According to well-informed sources, planning permission is likely to be sought in the first half of 2017. Cork firm Wilson Architecture, will handle the hotel design; O'Mahony Pike, the master planning and office component; and Reddy Architects will do the residential sections. Sources close to BAM/Clarendon said: "In excess of 200 build-to-rent apartments are planned."
Michael O'Flynn also has planning permission for two substantial suburban office developments at East Gate and Ballincollig but is unlikely to start building until he has secured a pre-let.
In addition, Gerry Wycherley is expected to develop a new 6,500 sq m (70,000 sq ft) building at Site 2100, Cork Airport Business Park.
Edward Hanafin of Lisney says demand for high-quality, modern office space was strong in 2016: "This was particularly the case among indigenous occupiers seeking space in the city centre, where such requirements increased dramatically from 2015."
Seán Healy, director with Cushman & Wakefield's Cork office, concurs: "In line with the strength of demand for space and falling availability levels, prime office rents in Cork city centre at the end of 2016 increased to €290 per sq m per annum, up 16pc on 2015 levels. Looking to the year ahead, prime rents in the city centre are expected to achieve €315 per sq m by year end 2017."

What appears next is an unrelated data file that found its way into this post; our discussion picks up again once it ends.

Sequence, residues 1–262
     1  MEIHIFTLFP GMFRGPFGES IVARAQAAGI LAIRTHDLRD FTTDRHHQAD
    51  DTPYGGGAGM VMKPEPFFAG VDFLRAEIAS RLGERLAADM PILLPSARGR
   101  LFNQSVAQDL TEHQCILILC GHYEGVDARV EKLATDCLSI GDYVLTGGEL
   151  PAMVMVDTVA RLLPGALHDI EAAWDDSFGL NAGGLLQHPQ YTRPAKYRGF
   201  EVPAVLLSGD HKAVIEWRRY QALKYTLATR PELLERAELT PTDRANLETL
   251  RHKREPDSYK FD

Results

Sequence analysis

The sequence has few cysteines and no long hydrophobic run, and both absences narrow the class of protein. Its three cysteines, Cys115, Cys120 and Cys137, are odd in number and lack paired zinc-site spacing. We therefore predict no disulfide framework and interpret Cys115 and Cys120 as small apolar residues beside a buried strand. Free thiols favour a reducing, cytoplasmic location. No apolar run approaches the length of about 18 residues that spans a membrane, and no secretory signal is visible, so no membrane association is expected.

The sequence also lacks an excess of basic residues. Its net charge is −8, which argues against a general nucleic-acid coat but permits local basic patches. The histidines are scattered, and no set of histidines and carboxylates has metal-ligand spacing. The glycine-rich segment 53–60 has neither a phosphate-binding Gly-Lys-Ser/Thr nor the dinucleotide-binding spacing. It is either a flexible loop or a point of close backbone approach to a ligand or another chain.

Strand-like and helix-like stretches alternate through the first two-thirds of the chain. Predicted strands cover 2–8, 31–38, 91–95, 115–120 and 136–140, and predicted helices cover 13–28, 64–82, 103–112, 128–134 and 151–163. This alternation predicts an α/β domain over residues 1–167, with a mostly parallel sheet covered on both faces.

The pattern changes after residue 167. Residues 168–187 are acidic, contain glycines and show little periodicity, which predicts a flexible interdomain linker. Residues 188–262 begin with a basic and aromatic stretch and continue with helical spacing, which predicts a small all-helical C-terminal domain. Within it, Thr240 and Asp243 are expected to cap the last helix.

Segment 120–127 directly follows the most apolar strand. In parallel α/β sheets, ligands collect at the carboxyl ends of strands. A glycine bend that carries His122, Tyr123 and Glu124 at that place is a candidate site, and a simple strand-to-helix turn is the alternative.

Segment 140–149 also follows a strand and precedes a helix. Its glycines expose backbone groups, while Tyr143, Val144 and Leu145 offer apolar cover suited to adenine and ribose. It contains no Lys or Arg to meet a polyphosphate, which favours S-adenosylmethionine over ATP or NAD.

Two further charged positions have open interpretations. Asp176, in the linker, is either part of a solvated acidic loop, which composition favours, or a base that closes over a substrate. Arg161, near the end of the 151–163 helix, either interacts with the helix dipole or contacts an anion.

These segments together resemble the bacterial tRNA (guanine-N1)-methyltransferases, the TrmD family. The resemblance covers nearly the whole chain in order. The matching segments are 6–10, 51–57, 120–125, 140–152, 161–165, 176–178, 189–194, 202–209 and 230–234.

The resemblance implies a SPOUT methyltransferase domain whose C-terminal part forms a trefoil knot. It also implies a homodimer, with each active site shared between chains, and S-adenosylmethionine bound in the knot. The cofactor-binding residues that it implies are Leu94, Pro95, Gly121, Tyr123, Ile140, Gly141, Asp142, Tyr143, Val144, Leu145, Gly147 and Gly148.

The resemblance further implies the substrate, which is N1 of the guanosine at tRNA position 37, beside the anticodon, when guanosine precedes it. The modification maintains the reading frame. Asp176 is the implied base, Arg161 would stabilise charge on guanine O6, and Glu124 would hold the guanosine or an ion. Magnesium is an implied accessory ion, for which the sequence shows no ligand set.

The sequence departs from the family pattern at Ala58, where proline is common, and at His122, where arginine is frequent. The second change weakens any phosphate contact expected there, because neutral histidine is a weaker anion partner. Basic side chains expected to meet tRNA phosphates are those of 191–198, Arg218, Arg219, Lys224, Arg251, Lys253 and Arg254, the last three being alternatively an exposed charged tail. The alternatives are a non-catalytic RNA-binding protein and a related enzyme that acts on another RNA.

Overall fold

Edward Hanafin of Lisney believes rental levels will need to exceed €323 per sq m (€30 per sq ft) to ensure viability of further office schemes.
Some investors and developers are opting for refurbishments, especially for properties on the South Mall, which had once been the core of Cork's prime office district. Film star Michael Fassbender and his family were among the first to spot the potential of the street's office properties after the crash.
Last year, three premises on the mall change hands. Local investors bought 1 South Mall for more than its €3m guide price and 24/25 South Mall for around €1.15m.
A company linked to JCD paid around €4m for 89/90 South Mall, part of which was let to KPMG. JCD undertook a refurbishment and let it to artificial intelligence company Cylance. Just beyond the mall, University College Cork acquired the Cork Saving Bank building at 1 Lapps Quay for over €1.4m and plans to open a city-centre business school.
Mr Hanafin says properties are still selling for below replacement cost and the returns available are attractive when compared to yields in Dublin. He expects demand for prime investment assets in the Cork region to remain strong. He says prime office yields ranged between 6.5pc and 7.5pc at the end of 2016.
He says: "We expect further capital value appreciation, although the rate of increase will slow. Many investment assets that were part of loan sales in the past three to four years will be offered for sale in 2017, as the international equity funds who acquired them will seek to sell non-core properties. Cork will continue to attract FDI occupiers as rents are competitive when compared to rates for similar accommodation in Dublin."